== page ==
The World Health Organization (WHO) Acknowledges Compulsive Sexual Behavior Disorder (CSBD)

The World Health Organization (WHO) Acknowledges Compulsive Sexual Behavior Disorder (CSBD)

Over the past twenty-five years, I have observed a wide variety of beliefs and values about human sexuality.  Some people believe in having many sexual partners while others think that having a monogamous relationship is right. Some individuals advocate having multiple sexual experiences as “normal and natural”.  While others indicate that sexual acts or thoughts can become obsessive, compulsive, and out of control. I know of professionals who become very frustrated during discussions about sexuality.  Both sides of the argument seem to have merit depending on how you view the situation.  Human sexuality IS a normal activity; however, for some sex turns into compulsive “acting out.”  At this point, the World Health Organization (WHO) is acknowledging research trends providing important information on this topic.  The World Health Organization (WHO) Acknowledges Compulsive Sexual Behavior Disorder (CSBD)

On July 2, 2018, The Social Post news reports WHO officially recognized their most current diagnostic manual, ICD-11 which categorized sex addiction as a form of mental illness.  This decision implies that sex addiction needs medical consultation and intervention.

According to Porn Help.org, the ICD-11 describes the condition of Compulsive Sexual Behavior Disorder (CSBD) in the following way:

Compulsive sexual behavior disorder is characterized by a persistent pattern of failure to control intensive, repetitive sexual impulses or urges resulting in repetitive sexual behavior.  Symptoms may include repetitive sexual activities becoming a central focus of the person’s life to the point of neglecting health and personal care or other interests, activities, and responsibilities; numerous unsuccessful efforts to significantly reduce repetitive sexual behavior; and continued repetitive sexual behavior despite adverse consequences or deriving little or no satisfaction from it.  The pattern of failure to control intensive, sexual impulses or urges and resulting repetitive sexual behavior is manifested over an extended period of time (e.g., 6 months or more), and causes marked distress or significant impairment in personal, family, social, educational, occupational, or other important areas of functioning. Distress that is entirely related to moral judgements and disapproval about sexual impulses, urges, or behaviors is not sufficient to meet this requirement.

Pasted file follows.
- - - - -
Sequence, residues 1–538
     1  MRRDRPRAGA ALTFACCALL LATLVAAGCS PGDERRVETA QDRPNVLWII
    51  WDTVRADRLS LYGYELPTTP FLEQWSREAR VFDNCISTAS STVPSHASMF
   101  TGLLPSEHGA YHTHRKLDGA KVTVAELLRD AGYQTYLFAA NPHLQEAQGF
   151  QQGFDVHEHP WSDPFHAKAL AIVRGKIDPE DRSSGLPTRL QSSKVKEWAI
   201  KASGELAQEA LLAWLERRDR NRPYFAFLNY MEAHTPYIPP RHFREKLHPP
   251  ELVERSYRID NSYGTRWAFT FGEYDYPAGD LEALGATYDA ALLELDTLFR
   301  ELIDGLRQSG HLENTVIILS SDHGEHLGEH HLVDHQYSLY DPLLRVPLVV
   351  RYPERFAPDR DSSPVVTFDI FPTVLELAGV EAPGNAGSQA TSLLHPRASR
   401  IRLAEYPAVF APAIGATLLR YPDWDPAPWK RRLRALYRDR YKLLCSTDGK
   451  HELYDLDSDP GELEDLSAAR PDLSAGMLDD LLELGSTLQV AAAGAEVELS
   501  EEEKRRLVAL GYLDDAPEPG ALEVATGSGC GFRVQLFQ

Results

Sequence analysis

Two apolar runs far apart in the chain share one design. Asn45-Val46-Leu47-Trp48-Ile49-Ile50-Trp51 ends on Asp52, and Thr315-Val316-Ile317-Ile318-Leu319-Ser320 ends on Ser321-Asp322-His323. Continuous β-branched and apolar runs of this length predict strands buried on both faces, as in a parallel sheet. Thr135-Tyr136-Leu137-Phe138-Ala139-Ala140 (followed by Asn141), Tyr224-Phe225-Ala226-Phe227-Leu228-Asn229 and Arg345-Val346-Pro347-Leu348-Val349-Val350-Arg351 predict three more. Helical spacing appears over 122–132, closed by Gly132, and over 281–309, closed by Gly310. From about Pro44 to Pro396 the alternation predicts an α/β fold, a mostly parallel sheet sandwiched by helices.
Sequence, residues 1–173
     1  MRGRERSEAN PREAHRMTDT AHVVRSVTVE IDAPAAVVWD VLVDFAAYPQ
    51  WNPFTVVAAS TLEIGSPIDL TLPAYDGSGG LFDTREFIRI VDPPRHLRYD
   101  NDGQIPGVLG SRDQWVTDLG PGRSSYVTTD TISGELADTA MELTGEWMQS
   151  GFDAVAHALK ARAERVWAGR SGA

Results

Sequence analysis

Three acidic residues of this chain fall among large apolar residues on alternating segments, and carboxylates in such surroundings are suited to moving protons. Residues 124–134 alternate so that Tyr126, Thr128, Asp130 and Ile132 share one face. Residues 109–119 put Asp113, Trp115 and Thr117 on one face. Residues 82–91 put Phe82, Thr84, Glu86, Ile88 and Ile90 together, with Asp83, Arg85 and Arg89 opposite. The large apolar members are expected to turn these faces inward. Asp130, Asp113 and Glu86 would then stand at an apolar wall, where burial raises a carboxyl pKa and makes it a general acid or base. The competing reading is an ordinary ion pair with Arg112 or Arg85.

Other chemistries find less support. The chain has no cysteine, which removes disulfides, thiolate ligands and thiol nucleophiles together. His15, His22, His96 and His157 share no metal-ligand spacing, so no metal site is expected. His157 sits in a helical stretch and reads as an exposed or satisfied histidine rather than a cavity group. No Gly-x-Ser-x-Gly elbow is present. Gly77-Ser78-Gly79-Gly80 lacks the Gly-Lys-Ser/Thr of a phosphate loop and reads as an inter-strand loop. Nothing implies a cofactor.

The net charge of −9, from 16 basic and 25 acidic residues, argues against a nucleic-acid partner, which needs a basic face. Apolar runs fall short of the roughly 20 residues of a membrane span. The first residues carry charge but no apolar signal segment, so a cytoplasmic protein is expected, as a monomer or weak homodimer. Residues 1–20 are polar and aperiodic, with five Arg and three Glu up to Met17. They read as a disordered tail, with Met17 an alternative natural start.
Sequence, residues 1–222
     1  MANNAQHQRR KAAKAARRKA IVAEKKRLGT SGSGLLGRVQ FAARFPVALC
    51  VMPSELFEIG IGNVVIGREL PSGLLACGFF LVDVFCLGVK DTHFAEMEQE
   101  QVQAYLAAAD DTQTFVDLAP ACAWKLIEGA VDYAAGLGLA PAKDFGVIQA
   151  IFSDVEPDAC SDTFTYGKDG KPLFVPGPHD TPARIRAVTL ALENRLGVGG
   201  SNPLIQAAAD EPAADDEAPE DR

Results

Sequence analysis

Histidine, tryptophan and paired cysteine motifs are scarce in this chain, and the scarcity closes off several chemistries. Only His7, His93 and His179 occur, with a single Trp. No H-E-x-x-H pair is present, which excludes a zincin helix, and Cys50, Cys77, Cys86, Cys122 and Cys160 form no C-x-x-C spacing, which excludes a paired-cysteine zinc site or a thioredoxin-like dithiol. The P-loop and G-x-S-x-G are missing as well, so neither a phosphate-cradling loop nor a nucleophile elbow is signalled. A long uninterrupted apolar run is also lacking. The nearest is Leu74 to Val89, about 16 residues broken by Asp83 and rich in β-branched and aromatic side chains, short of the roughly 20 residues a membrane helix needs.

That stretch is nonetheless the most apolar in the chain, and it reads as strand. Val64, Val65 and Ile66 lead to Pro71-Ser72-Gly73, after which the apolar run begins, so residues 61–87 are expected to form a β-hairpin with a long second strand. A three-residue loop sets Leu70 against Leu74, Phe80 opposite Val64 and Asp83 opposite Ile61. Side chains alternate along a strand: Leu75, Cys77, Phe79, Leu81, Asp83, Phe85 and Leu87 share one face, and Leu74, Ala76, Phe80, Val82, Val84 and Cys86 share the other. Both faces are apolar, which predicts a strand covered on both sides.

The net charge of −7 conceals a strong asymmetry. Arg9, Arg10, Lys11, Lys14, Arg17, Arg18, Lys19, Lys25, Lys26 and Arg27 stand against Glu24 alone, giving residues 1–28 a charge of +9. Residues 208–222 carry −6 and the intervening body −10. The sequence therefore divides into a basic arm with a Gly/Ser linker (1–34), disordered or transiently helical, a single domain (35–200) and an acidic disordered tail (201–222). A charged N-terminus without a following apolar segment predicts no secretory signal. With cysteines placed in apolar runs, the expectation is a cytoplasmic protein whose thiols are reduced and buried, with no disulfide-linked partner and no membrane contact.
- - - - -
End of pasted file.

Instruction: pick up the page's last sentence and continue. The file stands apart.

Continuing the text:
The ICD-11 does not specifically use the word “addiction,” rather it classifies CSBD as an “impulse control disorder.”  This is due to a person’s inability to control impulses to engage in repetitive sexual behavior.

The Social Post news reports that approximately 2% to 4% of the population experiences this condition.  Some professionals believe this number is higher due to the billions of dollars that are spent on the various areas in the sex industry.

Professionals in the field have been aware for some time that certain clients neglect their relationships, health, family, and work responsibilities, due to these sexual obsessions and compulsions.  Hopefully, for people suffering with this new diagnosis “CSBD” will understand their condition and feel more comfortable seeking treatment.

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